Immune Responses to Ethanol Metabolites and Cytokine Profiles Differentiate Alcoholics with or without Liver Disease.
ABSTRACT Excessive alcohol consumption is associated with the generation of antibodies against neoantigens induced by ethanol metabolism. However, the associations between such immune responses, ethanol consumption, and liver injury remain unclear.
Eight-six male alcoholics with (n=54) or without (n=32) liver disease, and 20 male volunteers (6 abstainers, 14 moderate drinkers) underwent clinical, morphological, and biochemical assessments of liver status and ethanol consumption.
Antiacetaldehyde adduct IgAs in both groups of alcoholics were significantly higher than those in the controls. Elevated IgGs occurred in patients with liver disease, whereas IgMs were high in the heavy drinkers without apparent liver disease. Liver disease patients had high levels of both proinflammatory (IL-2, IL-6, IL-8, TNF-alpha) and antiinflammatory (IL-10) cytokines, whereas those without liver disease showed elevated IL-6, IL-8, and IL-10 only. Ethanol consumption correlated significantly with antiadduct IgA and IL-6 levels, which also showed parallel changes upon abstinence.
Alcoholic liver disease is associated with the generation of IgAs and IgGs against acetaldehyde-derived antigens and enhanced levels of both pro- and antiinflammatory cytokines, whereas elevated IgA, IL-6, and IL-10 characterize alcoholics without liver disease. These data suggest that immunological mechanisms may play a role in the sequence of events leading to liver disease in some patients with excessive drinking.
- Journal of Ocean University of China 03/2014; 13(2). · 0.38 Impact Factor
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ABSTRACT: High fat diet and chronic alcohol consumption cause hyperlipidemia, steatohepatitis and in some cases, cirrhosis. But the detailed mechanisms are not known. Scutellariae Radix (SR) has been known to have hepatoprotective effects. The aim of this study was, therefore, to determine whether SR water extract (100 mg/kg) could affect immune function in mice abused by long-term alcohol consumption (feed 25% ethanol in water for 1 month, ad libitum) with high fat diet (40% fat of total calorie). Mice received either a regular diet (RD, AIN 93) or a high fat diet (HD); high fat diet group were divided into ethanol group (HED) or ethanol with SR water extract group (HEDS). Food consumption was measured daily and body weights recorded weekly throughout the experiment. Immunological parameters (Ig A, Ig E, TNF-, IFN-, IL-) were measured from the serum and the supernatant of spleen lymphocytes from the all groups. The concentration of serum Ig A, Ig E and cytokines were significantly higher in the alcohol consumed groups. Also the concentration of supernatant of spleen lymphocytes, Ig A, Ig E, cytokines were significantly higher in the ethanol consumption groups. Otherwise, HEDS group were significantly lower than HED group. These results suggest that SR water extract may improve the haptic immune function in mice fed high fat diet with alcohol.Journal of the Korean Society of Food Science and Nutrition 01/2006; 35(5).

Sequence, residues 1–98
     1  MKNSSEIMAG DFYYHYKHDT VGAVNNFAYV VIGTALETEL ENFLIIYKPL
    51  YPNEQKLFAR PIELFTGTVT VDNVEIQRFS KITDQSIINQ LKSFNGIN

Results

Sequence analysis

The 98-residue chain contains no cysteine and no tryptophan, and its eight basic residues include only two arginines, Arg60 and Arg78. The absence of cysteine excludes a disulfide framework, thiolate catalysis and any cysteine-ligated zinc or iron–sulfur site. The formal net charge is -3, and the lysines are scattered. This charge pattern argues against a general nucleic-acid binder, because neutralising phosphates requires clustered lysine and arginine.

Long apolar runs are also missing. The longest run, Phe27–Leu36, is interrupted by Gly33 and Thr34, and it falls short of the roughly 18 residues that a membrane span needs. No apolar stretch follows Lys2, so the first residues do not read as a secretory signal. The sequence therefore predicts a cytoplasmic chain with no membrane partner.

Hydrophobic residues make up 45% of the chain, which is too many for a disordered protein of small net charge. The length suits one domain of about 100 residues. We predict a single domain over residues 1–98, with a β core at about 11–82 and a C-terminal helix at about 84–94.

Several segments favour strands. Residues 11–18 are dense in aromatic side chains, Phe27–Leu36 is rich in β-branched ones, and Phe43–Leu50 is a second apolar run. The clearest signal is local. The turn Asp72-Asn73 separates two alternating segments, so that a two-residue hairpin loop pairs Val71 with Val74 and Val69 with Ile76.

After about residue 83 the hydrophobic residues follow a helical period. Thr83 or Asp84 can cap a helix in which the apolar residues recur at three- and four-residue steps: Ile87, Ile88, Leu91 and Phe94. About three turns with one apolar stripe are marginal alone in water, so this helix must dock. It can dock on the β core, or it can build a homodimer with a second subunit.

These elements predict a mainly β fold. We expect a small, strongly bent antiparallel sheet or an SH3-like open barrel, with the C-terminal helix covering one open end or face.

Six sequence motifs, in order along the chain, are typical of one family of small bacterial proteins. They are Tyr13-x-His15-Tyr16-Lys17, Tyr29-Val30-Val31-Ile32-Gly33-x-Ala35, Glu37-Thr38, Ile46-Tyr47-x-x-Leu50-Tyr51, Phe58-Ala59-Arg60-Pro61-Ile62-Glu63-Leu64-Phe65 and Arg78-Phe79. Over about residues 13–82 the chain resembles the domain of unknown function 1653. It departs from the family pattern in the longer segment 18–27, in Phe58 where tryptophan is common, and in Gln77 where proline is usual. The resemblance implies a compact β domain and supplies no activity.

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ABSTRACT: Alcohol is a hepatotoxin that is commonly consumed worldwide and is associated with a spectrum of liver injury including simple steatosis or fatty liver, alcoholic hepatitis, fibrosis, and cirrhosis. Alcoholic liver disease (ALD) is a general term used to refer to this spectrum of alcohol-related liver injuries. Excessive or harmful alcohol use is ranked as one of the top five risk factors for death and disability globally and results in 2.5 million deaths and 69.4 million annual disability adjusted life years. All patients who present with clinical features of hepatitis or chronic liver disease or who have elevated serum elevated transaminase levels should be screened for an alcohol use disorder. The diagnosis of ALD can generally be made based on history, clinical and laboratory findings. However, the diagnosis of ALD can be clinically challenging as there is no single diagnostic test that confirms the diagnosis and patients may not be forthcoming about their degree of alcohol consumption. In addition, clinical findings may be absent or minimal in early ALD characterized by hepatic steatosis. Typical laboratory findings in ALD include transaminase levels with aspartate aminotransferase greater than alanine aminotransferase as well as increased mean corpuscular volume, gamma-glutamyltranspeptidase, and IgA to IgG ratio. In unclear cases, the diagnosis can be supported by imaging and liver biopsy. The histological features of ALD can ultimately define the diagnosis according to the typical presence and distribution of hepatic steatosis, inflammation, and Mallory-Denk bodies. Because of the potential reversible nature of ALD with sobriety, regular screening of the general population and early diagnosis are essential.World journal of gastroenterology : WJG. 09/2014; 20(33):11684-11699.